At the beginning, it was very difficult living in Paris because I knew no French at all. I realized that, in order to get a job, I needed more skills than just graphic design. I think that when you come to a new country, it’s easy to not be seen by people. You end up needing to evaluate yourself more than you would if you stayed in your home country. I ended up taking French classes at the Sorbonne. Still, I decided I had to study more, so I enrolled in international and luxury marketing at the American Business School.
All the while, I was working in a money exchange place to pay for my studies and stay in France. Then I became an Art Director at a company based in London, Qatar, and Turkey. As I worked with them, I realized I still needed to study more. So I took a digital marketing course at We Are Squared powered by Google, and that’s how I got introduced to UX design.
I joined Société Générale in June 2018 as a senior UX designer. The lead of design left a month after I joined, so I was named the new team lead. In October 2019, I was named Head of Design. Our team has grown from three to 18 designers in the time since I began.”
On studying morphopsychology:
“My father always used to say, ‘We all go to the same class, but only the people who work and read more will have a brighter future.’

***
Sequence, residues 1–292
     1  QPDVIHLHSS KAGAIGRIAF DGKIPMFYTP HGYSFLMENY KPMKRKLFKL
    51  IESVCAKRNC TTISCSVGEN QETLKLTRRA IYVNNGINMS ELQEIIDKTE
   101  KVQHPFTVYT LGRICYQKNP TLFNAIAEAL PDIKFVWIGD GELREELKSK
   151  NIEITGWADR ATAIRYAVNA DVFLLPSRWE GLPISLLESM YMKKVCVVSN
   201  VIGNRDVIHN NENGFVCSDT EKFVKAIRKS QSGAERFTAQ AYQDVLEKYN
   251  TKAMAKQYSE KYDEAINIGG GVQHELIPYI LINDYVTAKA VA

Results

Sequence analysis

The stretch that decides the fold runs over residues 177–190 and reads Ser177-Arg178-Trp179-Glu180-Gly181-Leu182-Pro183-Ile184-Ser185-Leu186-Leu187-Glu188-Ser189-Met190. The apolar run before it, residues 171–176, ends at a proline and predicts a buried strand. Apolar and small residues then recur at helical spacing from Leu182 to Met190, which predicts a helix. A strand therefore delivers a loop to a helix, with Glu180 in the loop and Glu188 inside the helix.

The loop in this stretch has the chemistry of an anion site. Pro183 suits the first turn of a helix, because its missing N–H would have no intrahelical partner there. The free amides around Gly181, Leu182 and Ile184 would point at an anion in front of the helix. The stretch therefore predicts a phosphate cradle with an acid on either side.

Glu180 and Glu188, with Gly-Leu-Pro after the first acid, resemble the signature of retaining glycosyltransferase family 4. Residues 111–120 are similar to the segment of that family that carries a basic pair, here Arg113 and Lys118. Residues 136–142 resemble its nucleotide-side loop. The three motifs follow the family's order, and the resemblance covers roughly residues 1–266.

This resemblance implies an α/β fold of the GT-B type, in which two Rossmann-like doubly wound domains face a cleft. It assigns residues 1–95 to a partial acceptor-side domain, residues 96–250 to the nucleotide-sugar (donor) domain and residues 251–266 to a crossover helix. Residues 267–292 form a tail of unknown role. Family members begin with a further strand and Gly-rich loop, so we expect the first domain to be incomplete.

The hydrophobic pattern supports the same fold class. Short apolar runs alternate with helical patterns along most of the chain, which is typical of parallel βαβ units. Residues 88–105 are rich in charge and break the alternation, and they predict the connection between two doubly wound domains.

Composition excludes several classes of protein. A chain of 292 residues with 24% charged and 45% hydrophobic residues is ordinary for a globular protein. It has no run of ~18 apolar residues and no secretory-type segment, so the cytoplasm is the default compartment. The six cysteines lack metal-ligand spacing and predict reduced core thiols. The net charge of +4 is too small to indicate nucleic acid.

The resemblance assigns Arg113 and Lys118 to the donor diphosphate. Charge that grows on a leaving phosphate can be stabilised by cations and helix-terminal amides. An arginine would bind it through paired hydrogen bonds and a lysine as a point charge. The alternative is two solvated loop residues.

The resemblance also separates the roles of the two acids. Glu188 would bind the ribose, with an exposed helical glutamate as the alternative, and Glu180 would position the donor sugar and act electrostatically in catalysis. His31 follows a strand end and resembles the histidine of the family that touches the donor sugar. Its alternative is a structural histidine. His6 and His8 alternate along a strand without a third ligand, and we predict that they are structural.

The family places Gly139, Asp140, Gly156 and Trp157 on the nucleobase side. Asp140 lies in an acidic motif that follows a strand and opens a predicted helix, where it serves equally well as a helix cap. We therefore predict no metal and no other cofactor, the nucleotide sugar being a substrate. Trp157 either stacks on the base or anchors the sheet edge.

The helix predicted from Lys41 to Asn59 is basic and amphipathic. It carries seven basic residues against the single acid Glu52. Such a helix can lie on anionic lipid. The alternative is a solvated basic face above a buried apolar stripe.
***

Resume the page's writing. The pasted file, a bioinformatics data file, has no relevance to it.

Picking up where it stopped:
I think this idea stayed in my mind and it’s what I’m trying to do today by working on my certification from the Organization of Morphopsychology (I’ll graduate in June 2020). I’m adding a third dimension to my role as head of design.
Morphopsychology was founded in the 1930s by a French psychologist. It studies the characteristics of a person’s face, such as the receptors, eyes, nose, and frame to better understand their character. Having this skill of “reading faces” allows me to have a better relationship with the people in front of me. This is especially useful when leading a design team because I understand how to deal with each person individually in order to create a harmonious team.”
On how growing up in Syria has influenced her work as a designer:
“I was eager to leave Syria. I knew that design was the only thing that would give me the life that I wanted, and it pushed me to become better.